How to Teach Children to Be Good Sports, Rather Than Sore Losers

Knowing how to lose gracefully is an important asset for any youngster, as it will set them up well for what life will throw at them. However, just how can this be taught?

Last year, controversy surrounded Serena Williams when the American superstar was defeated by Naomi Osaka in the final of the U.S. Open in New York. Williams had received numerous penalties, before she accused the umpire of sexism. However, the tennis world was divided when it came to her actions, and while some agreed with her protests, others believed that her actions showed a lack of respect and were not sporting.



Whatever your opinion was on the matter, the situation provided an excellent opportunity to educate youngsters on the idea of good sportsmanship, as well as actions both on and off the playing field or court. Athletes across the world are role models for children, due to the fact that they have worked hard in order to achieve their goals. However, many can become disconcerted when poor sportsmanship is demonstrated. Parents and coaches are in the best position to discuss the handling of situations and overcoming emotions in sport, by stressing the importance of their actions.



The fact is that children will often react that what they perceive to be an injustice, which can happen on a regular basis where sport is concerned, whether it be a refereeing decision or goal against the run of play. The thing in which kids must learn is how to respond to such situations, which requires them to recognise that people make mistakes and that injustices will occur from time to time.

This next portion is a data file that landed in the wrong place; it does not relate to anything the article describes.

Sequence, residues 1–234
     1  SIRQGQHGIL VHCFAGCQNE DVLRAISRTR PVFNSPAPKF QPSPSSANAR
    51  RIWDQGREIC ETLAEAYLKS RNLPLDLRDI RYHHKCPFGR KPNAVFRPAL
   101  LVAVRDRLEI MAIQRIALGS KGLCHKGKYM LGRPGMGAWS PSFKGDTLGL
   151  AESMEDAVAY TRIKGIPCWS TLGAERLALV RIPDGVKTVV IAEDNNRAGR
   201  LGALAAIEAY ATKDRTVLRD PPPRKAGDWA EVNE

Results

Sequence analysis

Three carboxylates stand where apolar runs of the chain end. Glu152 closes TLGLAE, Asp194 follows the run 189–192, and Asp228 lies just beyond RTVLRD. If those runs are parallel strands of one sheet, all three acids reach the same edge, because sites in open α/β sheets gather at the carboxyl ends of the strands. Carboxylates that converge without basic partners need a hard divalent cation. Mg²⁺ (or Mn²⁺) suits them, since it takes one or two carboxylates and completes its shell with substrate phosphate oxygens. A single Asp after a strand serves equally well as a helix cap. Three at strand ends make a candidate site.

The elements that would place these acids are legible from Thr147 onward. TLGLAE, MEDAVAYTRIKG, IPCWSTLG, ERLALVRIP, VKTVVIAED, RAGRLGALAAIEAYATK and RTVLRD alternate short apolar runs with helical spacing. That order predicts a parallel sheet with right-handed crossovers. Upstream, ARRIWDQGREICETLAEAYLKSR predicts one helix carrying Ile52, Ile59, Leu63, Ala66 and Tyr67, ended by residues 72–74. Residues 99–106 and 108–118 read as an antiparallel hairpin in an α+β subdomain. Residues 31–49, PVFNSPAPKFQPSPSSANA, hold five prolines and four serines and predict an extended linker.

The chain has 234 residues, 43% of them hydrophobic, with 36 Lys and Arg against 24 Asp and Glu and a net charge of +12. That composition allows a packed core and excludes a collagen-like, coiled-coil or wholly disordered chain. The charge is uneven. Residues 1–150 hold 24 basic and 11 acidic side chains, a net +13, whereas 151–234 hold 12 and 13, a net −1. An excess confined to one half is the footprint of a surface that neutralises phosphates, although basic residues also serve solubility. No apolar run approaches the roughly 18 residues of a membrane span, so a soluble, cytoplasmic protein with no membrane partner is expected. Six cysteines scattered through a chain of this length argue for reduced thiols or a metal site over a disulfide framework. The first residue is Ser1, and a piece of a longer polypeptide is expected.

Meanwhile, it is important for youngsters to know that they are able to state their point of view, as long as it is done so in a respectful manner. Tantrums and insults will only weaken their argument or position, meaning that it is not a matter of ignoring the situation, but rather defending their position in an appropriate manner.



It is important for authority figures to also make children aware of the difference between an unfair decision and the frustration in which they may be feeling when things do not go their own way. As a result, it is key that excuses are not looked for or blaming others does not take place, with learning to deal with the frustration being of greater importance.



Elsewhere, young athletes must quickly understand that whether they win or lose, they will become better people as a result, as well as demonstrating a respectful attitude and taking into account the considerations of others.

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ANNET INNHOLD